Crazy talk about crypto
It’s all becoming predictable, by now. As another week passes, we find another government official trying to stop the flow of history as it relates to crypto.
This week’s culprit? Tharman Shanmugaratnam, the chairman of the Monetary Authority of Singapore (MAS).
Although the MAS, which controls monetary policy for the City-State, has not taken any regulatory action against crypto, Shanmugaratnam had some strong and unfortunate words.
“Cryptocurrencies can be highly volatile, as their value is typically not related to any economic fundamentals, he said. He added that crypto trading was “Certainly not suitable for retail investors.”
There’s a lot to unpack here.
First, how exactly is crypto’s value not related to “any economic fundamentals?” Its value is tied to demand. That’s the most sacred of economic fundamentals – supply and demand. No, what he means is that its value is independent of any single State’s control. The MAS can’t manipulate it to serve the interests of its government or its friends.
And, “not suitable for retail investors?” How paternalistic.
“Crypto is fine for the sophisticated, rich guys. Guys like me,” Shanmugaratnam may as well be saying, “But you lot? Come on! You’re poor and dumb.”
That attitude – that individual investors are too stupid to protect themselves – is rampant in the ruling classes when it comes to their attitudes towards crypto. The idea that people need to be saved from the evils of the unregulated crypto space is central to most governments’ pushback against it.
It’s also a bit rich in this particular case as the reason Shanmugaratnam was talking about crypto in the first place is because the Prime Minister of Singapore, Lee Hsien Loong, got himself mixed-up in a token scam.
To review: A government official wants to protect people from being scammed in the crypto space because another government official was scammed in the crypto space. Sounds like they’ve got things under control.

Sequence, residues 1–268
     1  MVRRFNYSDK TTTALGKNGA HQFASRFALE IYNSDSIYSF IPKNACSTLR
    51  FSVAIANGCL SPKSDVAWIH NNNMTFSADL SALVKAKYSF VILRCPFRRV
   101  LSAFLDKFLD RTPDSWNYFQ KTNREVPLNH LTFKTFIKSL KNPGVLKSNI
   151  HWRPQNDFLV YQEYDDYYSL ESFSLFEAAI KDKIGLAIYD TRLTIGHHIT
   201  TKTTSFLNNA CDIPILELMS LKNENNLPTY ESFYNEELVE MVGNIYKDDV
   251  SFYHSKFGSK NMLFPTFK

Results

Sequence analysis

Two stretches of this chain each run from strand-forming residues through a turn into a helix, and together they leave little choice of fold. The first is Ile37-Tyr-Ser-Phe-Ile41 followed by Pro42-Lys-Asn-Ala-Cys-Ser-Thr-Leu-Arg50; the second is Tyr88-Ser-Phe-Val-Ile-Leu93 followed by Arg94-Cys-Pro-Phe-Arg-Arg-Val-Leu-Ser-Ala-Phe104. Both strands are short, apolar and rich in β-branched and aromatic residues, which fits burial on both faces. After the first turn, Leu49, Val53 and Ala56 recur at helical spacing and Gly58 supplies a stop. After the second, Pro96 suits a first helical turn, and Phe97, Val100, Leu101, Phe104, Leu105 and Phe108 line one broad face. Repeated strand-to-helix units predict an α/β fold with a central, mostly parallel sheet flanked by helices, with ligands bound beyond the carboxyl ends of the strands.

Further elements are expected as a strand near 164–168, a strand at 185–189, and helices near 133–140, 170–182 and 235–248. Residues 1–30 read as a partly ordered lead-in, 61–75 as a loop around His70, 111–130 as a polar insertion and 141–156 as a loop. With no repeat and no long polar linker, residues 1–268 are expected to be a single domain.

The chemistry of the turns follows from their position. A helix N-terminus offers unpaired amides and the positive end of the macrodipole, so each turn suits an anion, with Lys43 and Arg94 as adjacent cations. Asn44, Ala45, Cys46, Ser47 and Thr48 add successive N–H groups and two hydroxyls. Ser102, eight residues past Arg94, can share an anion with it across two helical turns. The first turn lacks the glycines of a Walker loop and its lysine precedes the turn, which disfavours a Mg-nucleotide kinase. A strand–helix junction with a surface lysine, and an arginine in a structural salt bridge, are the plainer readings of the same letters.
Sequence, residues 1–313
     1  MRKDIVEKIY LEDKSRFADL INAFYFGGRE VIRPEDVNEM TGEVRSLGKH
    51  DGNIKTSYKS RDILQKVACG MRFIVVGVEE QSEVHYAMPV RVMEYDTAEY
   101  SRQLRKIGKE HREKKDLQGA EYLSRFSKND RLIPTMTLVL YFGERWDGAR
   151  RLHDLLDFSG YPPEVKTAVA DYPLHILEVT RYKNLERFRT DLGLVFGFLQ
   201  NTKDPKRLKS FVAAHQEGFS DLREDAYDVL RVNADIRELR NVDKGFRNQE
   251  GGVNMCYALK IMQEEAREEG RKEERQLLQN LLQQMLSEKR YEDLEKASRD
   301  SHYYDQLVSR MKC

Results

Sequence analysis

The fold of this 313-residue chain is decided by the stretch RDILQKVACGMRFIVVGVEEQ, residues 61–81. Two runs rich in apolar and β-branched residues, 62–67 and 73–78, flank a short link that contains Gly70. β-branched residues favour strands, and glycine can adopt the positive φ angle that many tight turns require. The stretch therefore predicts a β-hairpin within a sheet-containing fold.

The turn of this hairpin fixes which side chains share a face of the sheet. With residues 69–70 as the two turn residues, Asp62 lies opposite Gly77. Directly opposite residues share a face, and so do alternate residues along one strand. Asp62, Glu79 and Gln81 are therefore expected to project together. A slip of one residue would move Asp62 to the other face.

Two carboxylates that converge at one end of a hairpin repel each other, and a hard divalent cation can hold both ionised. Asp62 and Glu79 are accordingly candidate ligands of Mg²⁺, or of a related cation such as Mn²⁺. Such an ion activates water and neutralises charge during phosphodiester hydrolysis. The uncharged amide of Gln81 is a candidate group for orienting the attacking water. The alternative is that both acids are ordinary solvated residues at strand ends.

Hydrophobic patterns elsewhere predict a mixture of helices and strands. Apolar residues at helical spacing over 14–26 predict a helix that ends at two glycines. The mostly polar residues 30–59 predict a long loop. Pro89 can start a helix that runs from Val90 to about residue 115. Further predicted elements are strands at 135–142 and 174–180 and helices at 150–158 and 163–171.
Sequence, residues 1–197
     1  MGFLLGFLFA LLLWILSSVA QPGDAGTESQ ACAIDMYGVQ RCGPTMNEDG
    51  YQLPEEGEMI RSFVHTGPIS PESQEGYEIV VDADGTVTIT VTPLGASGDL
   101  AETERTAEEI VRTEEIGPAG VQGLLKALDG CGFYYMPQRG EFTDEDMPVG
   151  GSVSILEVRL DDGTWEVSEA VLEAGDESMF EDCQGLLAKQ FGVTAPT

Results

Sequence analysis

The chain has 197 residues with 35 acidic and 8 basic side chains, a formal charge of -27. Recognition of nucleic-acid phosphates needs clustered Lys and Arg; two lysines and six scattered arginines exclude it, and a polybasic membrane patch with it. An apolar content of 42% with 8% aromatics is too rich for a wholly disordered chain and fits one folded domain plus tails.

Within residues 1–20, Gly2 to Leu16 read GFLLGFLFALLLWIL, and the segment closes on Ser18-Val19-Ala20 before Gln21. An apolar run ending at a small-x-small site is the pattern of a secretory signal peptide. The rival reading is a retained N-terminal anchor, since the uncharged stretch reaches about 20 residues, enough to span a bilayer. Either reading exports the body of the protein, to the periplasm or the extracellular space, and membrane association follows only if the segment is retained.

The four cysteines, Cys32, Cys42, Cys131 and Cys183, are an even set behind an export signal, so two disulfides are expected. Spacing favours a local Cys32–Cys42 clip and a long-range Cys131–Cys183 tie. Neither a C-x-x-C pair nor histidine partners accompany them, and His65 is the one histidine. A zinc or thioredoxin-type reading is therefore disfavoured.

It goes without saying that the real reason Shanmugaratnam doesn’t want individual Singaporeans to be trading in the space is because he fears what that would mean for the Singapore Dollar, which trades at $0.75 USD currently and is actually one of the strongest and most stable currencies in the region. They keep a tight reign on things there and, as such, crypto falls outside their comfort one.
By taking a crypto-reluctant stance, Shanmugaratnam is aligning himself with some other significant players in South-East Asia. Notably, both India and the Philippines are acting in ways that are either outright hostile to crypto (India) or indifferent to it (Philippines).
That’s in sharp contract with Asia’s biggest economy, China. There, they have embraced the digital currency space and have made moves to create the world’s sovereign digital currency — the digital yuan. Rather than being fearful of crypto, China has moved to find a solution that fits its environment. As a result they will not lose ground as the world’s economic system continues to evolve.
Meanwhile, countries like Singapore will get left behind.